JT: I didn’t know that at the time. I didn’t know that it was ready to happen. I liked what I saw. I didn’t think about what it was going to become and I didn’t care. That’s not what brought me here. I moved here in 1994, and when I said I was going to move here, Tanja was living in San Francisco. She said, “you don’t get to move to my home town without me,” and so she asked for me to find a place that we could live in. She wanted me to find a place big enough for her to have a photo studio. I said fine, scoped out a place and signed a lease. She flew in from San Francisco, and she said, “Are you crazy?” What it was, was the basement of the Trelawny building right across from the parking lot from Joe’s Smokeshop. it had 17-foot high ceilings , huge massive pillars; it was about 1500 square feet, open, with a toilet, and I thought that was heaven. Tanya told me it was a horrible living situation but a fantastic gallery opportunity and so we started the Dead Space Gallery. We lived in the basement and we made the upstairs the gallery. We showed the work of emerging artists, primarily visual. We did some spoken word, some poetry, some music, but primarily we were showing visual work . And I think what’s great is some of the people we showed back then have really come around as artists and so it’s really exciting to say, ‘we gave them their first show’.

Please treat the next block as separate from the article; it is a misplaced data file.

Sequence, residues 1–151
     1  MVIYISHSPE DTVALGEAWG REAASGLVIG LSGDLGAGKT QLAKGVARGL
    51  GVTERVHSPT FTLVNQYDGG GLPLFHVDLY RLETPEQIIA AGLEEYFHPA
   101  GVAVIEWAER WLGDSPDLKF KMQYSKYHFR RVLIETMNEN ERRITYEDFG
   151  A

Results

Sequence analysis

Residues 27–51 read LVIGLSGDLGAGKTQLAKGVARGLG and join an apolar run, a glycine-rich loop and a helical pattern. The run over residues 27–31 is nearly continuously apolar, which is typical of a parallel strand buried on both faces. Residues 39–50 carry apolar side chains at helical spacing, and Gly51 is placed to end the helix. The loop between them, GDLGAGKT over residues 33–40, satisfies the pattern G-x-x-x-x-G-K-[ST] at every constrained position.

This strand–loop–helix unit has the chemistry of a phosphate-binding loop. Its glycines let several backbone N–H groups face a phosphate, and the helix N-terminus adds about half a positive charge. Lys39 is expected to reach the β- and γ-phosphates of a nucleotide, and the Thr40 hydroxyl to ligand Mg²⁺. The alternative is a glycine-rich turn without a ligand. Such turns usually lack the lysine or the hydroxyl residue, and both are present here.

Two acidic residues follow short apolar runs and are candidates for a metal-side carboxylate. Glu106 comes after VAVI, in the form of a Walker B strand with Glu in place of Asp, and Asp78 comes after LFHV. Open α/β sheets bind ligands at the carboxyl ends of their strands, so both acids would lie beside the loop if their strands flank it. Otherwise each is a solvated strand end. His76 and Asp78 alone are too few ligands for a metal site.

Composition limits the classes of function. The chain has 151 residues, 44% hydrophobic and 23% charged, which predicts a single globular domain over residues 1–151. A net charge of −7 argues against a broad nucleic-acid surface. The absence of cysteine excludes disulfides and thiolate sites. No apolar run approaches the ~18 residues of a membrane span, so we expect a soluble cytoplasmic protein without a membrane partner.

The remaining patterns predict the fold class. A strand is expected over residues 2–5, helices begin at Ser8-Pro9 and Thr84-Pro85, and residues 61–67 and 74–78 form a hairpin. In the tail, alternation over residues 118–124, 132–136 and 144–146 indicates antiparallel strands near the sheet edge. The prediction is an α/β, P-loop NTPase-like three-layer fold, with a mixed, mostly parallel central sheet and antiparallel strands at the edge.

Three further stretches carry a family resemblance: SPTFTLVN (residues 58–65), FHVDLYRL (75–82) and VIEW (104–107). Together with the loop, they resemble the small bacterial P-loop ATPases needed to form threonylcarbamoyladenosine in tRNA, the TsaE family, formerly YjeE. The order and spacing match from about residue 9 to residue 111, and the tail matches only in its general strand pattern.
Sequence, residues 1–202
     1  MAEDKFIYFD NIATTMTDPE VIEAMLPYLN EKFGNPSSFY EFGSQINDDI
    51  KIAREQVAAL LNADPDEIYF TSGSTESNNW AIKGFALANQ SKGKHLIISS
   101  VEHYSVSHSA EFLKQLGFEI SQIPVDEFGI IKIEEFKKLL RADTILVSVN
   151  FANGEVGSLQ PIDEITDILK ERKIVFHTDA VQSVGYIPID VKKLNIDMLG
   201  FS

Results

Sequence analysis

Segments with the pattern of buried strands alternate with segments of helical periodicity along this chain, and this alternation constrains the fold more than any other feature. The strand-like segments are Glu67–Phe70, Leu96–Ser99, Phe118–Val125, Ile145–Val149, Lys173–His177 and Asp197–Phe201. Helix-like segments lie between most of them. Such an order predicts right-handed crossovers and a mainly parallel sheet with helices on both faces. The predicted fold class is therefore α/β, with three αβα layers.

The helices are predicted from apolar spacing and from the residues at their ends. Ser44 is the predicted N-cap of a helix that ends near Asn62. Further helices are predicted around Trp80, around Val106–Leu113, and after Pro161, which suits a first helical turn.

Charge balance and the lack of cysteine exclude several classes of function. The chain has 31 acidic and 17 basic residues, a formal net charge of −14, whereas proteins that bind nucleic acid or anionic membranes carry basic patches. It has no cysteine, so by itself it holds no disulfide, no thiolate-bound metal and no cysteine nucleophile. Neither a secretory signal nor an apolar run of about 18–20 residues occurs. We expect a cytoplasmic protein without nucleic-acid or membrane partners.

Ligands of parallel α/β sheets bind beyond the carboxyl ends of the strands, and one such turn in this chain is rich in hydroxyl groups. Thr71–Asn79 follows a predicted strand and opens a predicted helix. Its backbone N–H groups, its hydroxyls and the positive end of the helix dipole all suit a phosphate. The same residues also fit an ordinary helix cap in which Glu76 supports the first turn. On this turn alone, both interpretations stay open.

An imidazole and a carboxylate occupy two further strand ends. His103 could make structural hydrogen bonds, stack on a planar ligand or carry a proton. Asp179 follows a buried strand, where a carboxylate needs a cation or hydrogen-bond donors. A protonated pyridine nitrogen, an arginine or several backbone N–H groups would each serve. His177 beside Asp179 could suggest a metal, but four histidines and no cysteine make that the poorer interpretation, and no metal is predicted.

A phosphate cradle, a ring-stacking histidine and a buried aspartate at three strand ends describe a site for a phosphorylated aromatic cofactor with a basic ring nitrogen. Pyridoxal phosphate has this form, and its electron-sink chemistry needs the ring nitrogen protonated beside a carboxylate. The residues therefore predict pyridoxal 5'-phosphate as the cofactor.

IP: Who are some of those people off the top of your head?
JT: Sure. Scott Peterman, a photographer. His wife, Greta Bank. We showed Alison Hildreth, We showed Charlie Hewitt, we showed Angela Dufresne, who’s now a big New York artist. And we showed Tanja, of course.
IP: How long did you run the Dead Space?